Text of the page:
Tuesday, May 16th, 2006
Today my friend Melissa wore the stylish sandals she chose to highlight her best feature, namely her big toe. If you have a big toe fetish, e-mail me, and I'll put you in touch.
Tuesday, February 14th, 2006
Tuesday, February 14th, 2006

Today was a unusual Valentine's Day for me. It was Predatory Lending Lobbying Day in Columbus. Though I do work on a contract basis for the Miami Valley Fair Housing Center (MVFHC), which through its Predatory Lending Solutions Project helps victims of predatory lending, my job is web design and database development, not fair housing. My boss (and friend) wanted me to come along anyway, and it was certainly an interesting educational experience for me.

All the MVFHC staff plus some of the MVFHC board plus some MVFHC clients went to Columbus along with people from across the state to lobby state representatives to support Senate Bill 185 which would extend the Consumer Sales Protection Act to the mortgage industry and establish a fiduciary responsibility for mortgage brokers to act in the best interests of their clients (the day was organized in part by COHHIO). I got to meet one of

Rep. Dixie Allen
Rep. Dixie Allen's staffers (Rep. Allen, who was out of the office, covers the district in which I used to live),

Rep. John White
Rep. John White (who covers part of Dayton's south suburbs) and Speaker Jon Husted, in whose district I live now.

Allen was already on board to support the bill, but it looks like White and Husted will both support the bill too. Husted was interesting though because he explained that although he supports the bill, that it'll be difficult to get Republican representatives from suburban and especially rural districts to support it since they don't see predatory lending as a problem affecting their constituents.

What was even more interesting for me, though, were brief conversations I got to have with White and Husted about House Bill 515, a bill that would ban gay people from being foster or adoptive parents in Ohio and would also ban heterosexuals whose households included gay members from fostering or adopting. One of the co-sponsors of the bill is

I guess Seaver
hadn't taken enough
English classes yet
at Wright State
to be able
to write his
autobiography himself
Rep. Derrick Seaver, who is a student at Wright State. Apparently Seaver thinks people such as my pastor and his partner shouldn't offer homes to unwanted babies.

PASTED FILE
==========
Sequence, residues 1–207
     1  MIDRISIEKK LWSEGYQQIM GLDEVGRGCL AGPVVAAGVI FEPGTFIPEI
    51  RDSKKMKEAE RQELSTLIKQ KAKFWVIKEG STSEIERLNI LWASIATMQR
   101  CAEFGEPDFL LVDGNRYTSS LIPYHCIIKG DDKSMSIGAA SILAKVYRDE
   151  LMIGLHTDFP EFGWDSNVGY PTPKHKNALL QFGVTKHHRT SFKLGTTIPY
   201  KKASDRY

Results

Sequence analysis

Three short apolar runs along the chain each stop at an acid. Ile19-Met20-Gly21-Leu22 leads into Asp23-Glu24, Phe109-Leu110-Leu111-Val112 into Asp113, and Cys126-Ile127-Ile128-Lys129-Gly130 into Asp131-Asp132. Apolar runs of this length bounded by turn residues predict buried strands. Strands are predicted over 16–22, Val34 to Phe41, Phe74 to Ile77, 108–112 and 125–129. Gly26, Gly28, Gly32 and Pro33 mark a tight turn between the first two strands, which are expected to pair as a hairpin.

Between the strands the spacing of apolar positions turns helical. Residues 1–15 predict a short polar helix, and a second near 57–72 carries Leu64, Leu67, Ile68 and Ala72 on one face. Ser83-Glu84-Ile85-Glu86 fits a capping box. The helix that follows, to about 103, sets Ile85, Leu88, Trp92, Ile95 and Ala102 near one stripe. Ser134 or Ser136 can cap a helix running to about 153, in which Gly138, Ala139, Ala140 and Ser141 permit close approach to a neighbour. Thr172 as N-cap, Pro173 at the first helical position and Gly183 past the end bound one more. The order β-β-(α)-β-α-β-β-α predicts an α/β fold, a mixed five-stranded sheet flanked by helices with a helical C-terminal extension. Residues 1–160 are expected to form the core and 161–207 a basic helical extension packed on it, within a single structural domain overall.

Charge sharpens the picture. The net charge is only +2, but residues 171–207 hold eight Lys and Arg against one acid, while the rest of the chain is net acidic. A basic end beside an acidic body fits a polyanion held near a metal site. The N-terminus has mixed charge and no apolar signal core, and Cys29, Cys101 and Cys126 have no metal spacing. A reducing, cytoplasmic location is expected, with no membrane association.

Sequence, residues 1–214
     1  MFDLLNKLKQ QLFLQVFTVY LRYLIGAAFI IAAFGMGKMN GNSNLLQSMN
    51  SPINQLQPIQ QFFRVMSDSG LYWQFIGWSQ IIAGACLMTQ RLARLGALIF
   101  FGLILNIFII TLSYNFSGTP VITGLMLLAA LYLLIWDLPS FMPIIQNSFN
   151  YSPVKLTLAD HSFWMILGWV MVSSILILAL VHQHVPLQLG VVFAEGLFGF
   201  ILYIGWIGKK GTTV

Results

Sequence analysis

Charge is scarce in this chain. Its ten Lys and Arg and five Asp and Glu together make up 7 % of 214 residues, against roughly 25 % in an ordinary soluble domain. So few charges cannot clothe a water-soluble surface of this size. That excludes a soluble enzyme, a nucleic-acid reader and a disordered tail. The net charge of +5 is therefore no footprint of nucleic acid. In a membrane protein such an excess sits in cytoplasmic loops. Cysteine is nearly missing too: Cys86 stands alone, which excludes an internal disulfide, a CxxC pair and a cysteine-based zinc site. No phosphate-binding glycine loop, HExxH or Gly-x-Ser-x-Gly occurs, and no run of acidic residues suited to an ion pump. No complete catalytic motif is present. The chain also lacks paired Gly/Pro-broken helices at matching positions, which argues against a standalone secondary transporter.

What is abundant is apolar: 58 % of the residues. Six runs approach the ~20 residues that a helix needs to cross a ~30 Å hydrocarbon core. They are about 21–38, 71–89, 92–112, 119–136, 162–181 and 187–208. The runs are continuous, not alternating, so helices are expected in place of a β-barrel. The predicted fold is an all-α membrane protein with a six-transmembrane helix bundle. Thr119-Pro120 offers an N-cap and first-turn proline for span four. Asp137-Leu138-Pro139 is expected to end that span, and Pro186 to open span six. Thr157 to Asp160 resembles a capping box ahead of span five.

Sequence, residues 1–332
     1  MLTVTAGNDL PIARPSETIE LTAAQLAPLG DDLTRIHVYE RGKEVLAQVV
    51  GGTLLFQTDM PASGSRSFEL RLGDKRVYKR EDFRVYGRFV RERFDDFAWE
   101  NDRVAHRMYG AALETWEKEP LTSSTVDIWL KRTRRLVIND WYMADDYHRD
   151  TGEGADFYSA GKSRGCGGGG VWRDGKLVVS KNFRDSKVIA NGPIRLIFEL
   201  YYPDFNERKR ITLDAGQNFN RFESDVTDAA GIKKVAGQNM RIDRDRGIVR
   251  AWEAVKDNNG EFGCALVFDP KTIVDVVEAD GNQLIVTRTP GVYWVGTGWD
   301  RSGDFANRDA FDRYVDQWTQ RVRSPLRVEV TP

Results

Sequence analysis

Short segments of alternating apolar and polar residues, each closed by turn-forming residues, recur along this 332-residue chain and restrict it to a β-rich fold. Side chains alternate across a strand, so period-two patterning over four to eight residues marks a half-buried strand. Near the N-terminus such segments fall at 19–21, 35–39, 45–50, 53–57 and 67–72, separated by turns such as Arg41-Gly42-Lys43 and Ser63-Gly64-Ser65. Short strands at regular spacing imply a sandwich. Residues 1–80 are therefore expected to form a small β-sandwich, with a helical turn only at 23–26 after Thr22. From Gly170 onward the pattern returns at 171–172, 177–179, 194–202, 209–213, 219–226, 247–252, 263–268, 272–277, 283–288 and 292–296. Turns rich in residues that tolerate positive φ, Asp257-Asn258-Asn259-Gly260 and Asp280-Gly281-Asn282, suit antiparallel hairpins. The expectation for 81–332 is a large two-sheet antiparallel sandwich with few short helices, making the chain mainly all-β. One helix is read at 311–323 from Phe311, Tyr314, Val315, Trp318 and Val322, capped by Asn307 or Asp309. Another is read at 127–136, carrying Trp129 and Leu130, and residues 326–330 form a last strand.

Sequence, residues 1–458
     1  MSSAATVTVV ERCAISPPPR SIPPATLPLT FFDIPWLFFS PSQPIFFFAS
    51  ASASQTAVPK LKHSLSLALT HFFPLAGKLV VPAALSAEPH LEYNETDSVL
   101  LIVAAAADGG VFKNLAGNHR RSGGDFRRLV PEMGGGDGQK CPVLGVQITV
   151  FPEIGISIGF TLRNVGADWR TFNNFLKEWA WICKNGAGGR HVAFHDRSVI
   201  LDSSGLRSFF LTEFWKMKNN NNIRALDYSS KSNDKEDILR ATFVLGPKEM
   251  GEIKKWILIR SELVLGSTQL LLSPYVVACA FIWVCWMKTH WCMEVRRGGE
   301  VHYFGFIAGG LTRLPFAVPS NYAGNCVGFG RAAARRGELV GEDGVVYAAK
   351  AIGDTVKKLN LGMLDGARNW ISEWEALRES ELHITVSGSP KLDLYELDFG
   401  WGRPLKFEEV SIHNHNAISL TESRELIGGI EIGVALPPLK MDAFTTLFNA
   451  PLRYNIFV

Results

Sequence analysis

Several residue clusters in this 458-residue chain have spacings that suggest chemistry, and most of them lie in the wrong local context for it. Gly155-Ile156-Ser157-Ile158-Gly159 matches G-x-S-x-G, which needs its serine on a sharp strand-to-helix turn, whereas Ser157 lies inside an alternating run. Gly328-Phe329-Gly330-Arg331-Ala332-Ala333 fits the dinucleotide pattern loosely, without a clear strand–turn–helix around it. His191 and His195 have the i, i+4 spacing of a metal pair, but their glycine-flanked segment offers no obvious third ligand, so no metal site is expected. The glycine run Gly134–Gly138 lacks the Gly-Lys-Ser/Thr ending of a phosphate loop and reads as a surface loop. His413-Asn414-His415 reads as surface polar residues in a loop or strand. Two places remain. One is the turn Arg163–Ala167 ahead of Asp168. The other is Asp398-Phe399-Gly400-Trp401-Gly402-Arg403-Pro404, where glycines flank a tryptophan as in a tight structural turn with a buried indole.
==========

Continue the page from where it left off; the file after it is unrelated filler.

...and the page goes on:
I hadn't planned on mentioning HB515 to White, but we actually met with White in Seaver's office, which White pointed out as we were leaving (the office features pictures of Seaver's "as told to" autobiography Kid in the House, which tells how he ran for office at age 17), and I couldn't resist saying that, yes, I knew who Seaver was, a co-sponsor of HB515, which White should oppose, and White actually said that he did oppose that bill, that it was a hate bill. Interesting coming from him since he touts his religious background and many religious people from his background would say this bill wasn't hateful but necessary.


Speaker Husted
Husted I had intended to say something to about the bill since I live in his district and had brought a letter to him about the bill. I stayed behind as people left his office so I could tell him that I hoped he would oppose the bill, and he actually had quite a bit to say about it, including that he wouldn't let the bill even get to committee to be considered and that he thought such bills were divisive and turned focus away from the real issues facing Ohio. Apparently Husted is himself adopted and knows that many kids in Ohio still need homes.

So that was a little encouraging, that there are Republicans willing to oppose such hateful nonsense. Of course I doubt that the proponents of HB515 see the legislature as their only avenue. They'd love to put a gay adoption ban on the ballot to get conservatives to come out to the polls in November and vote Republican. But we'll know by May if they plan to do that since they'll have to get their ballot measure language approved.